“That woman has actually been abusing you, Harry.” He pressed her arm reassuringly. Wolfram Eschenbach began to sing “Blick' ich umher in diesem edlen Kreise,” and once more silence fell upon the bored crowd. Sympathy was in his tones and he sang tenderly, lovingly. Elizabeth listened unmoved. She now had eyes for Tannhäuser only, and she laughed aloud when he proposed to follow Wolfram with a solo.

“Do,” she said enthusiastically, “it will stir them all up.” Although this number was not down on the program, Tannhäuser was welcomed as he went to the piano. Wolfram seemed uneasy and once looked fixedly at Elizabeth. Then he walked out on the balcony as if seeking some one, and Mrs. Minne nudged her stolid neighbor. “Mark my words, there's trouble brewing,” she declared.

By this time Tannhäuser was in his best form. He seemed to have regained all his usual elasticity, for Berg Street, with its depressing memories, had completely vanished. He expanded his chest and sang, his victorious blue eyes fastened on Elizabeth. He sang the song of Venus, “Dir, Göttin der Liebe,” and all the old passion came into his voice; when he uttered “Zieht in den Berg der Venus ein” he was transported, his surroundings melted and once more he was gazing at the glorious woman, his Venus, his Holda. The audience was completely shaken out of its fashionable immobility, and “superb,” “bravo,” “magnificent,” “encore,” “bis,” were heard on all sides. Elizabeth alone remained mute. Her skin was the pallor of ivory, and into her glance came the look of a lovely fawn run down by the hounds.

“He'd better pack his traps and make a pilgrimage to Rome,” remarked Mrs. Minne with malice in her secular eyes as Tannhäuser strode to the balcony. Wolfram, looking anxious, went to Elizabeth and led her to her uncle; then the supper signal sounded and the buzz and struggle became tremendous.

Mrs. Minne disappeared. Ten minutes later she was at Miss Landgrave's side, and presently the pair left the table, slowly forced a passage through the mob of hungry and thirsty humans and reached the balcony.

The night was rich with May odors, but the place seemed deserted. Plucking at the girl's sleeve, her companion pointed to a couple that stood looking into the garden, the arm of the man passed about the waist of the woman. Even in the starlight Elizabeth recognized the exquisite head and turned to leave; the woman with her was bent on seeing the game. In sharp staccato she said, “What a relief after that hot supper-room!” and the others turned. Elizabeth did not pause a moment. She went to Tannhäuser's companion and said:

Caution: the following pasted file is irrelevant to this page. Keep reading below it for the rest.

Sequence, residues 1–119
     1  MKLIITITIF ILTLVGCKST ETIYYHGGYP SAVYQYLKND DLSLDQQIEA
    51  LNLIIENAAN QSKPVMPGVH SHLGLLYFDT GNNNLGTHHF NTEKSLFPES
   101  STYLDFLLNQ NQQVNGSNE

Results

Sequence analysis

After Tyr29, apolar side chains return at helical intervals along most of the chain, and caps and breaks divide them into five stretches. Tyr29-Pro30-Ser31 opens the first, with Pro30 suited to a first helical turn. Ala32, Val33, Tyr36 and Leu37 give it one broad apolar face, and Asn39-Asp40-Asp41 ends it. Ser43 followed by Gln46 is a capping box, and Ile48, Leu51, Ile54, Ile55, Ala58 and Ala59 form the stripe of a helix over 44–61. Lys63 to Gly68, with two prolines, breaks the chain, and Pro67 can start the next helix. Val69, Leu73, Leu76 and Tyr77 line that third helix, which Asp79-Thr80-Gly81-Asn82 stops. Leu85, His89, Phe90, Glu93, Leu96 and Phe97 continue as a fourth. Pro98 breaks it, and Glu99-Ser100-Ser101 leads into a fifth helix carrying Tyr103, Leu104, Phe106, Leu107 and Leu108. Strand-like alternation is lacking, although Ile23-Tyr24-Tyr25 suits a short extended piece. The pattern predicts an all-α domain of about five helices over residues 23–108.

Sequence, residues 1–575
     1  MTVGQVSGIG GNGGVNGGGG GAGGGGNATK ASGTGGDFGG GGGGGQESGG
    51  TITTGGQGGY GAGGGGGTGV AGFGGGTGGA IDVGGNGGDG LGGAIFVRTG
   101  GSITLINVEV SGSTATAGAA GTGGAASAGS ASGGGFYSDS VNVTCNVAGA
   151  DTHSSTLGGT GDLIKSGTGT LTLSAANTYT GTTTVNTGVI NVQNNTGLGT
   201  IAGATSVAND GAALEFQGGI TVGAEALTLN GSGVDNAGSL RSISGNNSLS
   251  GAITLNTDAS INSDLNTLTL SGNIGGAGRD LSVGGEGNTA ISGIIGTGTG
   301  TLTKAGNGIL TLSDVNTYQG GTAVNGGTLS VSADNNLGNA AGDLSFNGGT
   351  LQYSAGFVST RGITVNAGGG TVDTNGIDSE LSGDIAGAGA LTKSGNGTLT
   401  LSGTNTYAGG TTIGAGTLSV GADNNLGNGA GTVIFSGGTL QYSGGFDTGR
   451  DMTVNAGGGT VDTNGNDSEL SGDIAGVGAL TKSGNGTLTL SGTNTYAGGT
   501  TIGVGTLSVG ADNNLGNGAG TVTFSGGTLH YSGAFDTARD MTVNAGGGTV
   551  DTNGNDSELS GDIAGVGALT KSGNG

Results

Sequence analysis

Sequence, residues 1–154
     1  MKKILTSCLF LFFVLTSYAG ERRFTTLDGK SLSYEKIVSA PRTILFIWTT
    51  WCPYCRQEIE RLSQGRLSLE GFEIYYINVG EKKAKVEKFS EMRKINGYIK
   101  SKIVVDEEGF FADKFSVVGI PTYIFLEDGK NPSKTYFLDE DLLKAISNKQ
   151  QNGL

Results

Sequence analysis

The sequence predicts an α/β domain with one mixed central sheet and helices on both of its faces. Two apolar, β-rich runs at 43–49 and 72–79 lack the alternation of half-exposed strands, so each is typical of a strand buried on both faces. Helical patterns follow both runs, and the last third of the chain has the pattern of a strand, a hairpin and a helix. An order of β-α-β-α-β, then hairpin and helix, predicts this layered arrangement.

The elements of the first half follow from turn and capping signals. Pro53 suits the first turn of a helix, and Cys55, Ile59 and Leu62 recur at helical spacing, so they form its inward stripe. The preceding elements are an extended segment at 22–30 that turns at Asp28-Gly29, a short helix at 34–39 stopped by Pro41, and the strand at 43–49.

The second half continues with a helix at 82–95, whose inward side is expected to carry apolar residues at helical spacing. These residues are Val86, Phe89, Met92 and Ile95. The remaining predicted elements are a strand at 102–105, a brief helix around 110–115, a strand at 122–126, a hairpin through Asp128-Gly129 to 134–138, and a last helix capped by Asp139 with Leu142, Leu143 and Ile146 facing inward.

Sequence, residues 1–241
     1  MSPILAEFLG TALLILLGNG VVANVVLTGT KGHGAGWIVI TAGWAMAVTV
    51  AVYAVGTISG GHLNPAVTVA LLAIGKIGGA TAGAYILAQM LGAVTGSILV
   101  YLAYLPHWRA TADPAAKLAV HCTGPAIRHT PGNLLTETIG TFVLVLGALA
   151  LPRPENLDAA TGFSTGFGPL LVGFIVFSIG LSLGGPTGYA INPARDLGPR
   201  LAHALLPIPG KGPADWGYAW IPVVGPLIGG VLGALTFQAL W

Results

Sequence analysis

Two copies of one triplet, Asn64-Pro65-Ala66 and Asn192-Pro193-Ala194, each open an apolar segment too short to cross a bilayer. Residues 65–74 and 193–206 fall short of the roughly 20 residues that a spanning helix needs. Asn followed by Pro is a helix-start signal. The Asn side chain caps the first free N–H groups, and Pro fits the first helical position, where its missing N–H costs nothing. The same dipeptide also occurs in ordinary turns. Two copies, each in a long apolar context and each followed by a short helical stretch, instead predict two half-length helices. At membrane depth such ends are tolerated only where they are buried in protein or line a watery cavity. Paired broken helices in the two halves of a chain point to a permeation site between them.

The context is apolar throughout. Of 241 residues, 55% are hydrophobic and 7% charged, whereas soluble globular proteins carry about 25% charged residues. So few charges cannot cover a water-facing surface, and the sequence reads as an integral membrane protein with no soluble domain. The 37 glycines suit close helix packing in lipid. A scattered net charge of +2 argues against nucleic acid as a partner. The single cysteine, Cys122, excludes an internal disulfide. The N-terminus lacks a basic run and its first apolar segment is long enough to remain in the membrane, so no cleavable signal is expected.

“My dear Mrs. Holda, where have you been hiding to-night? I fear you missed the music and I fear now you will miss the supper; do let us go in.” ...

Five minutes later Mrs. Holda left with Tannhäuser in her brougham, telling the coachman to drive to Berg Street.

II

The drawing-room was delicious that May afternoon—the next after the musicale at Landgrave's. Henry was indolently disposed, and on a broad divan, heaped with Persian pillows, he stretched his big limbs like a guardsman in a Ouida novel. The dark woman near watched him closely, and as he seemed inclined to silence she did not force the conversation.

“Shall we drive, Venus?” he nonchalantly asked. “Just as you please. We may meet your saint with the insipid eyes in the park.” “Good heavens!” he testily answered, “why do you forever drag in that girl's name? She's nothing to me.” Mrs. Holda went to the window and he lazily noticed her perfect figure, her raven hair and black eyes. She was a stunner after all, and didn't look a day over twenty-eight. How did she manage to preserve the illusion of youth? She turned to him, and he saw the contour of a face Oriental, with eyes that allured and a mouth that invited. A desirable but dangerous woman, and he fell to thinking of the other, of her air of girlhood, her innocence of poise, her calm of breeding that nothing disturbed. Like a good pose in the saddle, nothing could ever unseat the equanimity of Elizabeth. Mrs. Holda grew distasteful for the moment and her voice sounded metallic.

“When you cease your perverse mooning, Harry Tannhäuser, when you make up your mind once and for all which woman you intend to choose, when you decide between Elizabeth Landgrave and Venus Holda, I shall be most happy. As it is now I am”—Just then two cards were handed her by a footman, and after looking at them she laughed a mellow laugh. Tannhäuser sat up and asked her the news.

“I laugh because the situation is so funny,” she said; “here are your two friends come to visit you and perhaps attempt your rescue from the Venusberg. Oh! for a Wagner now! What appropriate music he could set to this situation.” She gave him the cards, and to his consternation he read the names of Elizabeth Landgrave and Wolfram Eschenbach. He started up in savage humor and was for going to the reception room. Quite calmly Mrs. Holda bade him stay where he was.

“They did not ask for you, Harry, dear; stay here and be a good boy, and I'll tell you all about it when they've gone.” Her laughter was resilient as she descended the staircase, but to the young man it seemed sinister. He felt that hope had abandoned him when he entered the Berg Street house, and now Elizabeth's presence, instead of relieving his dull remorse, increased it. She was under the same roof with him, yet he could not go to her....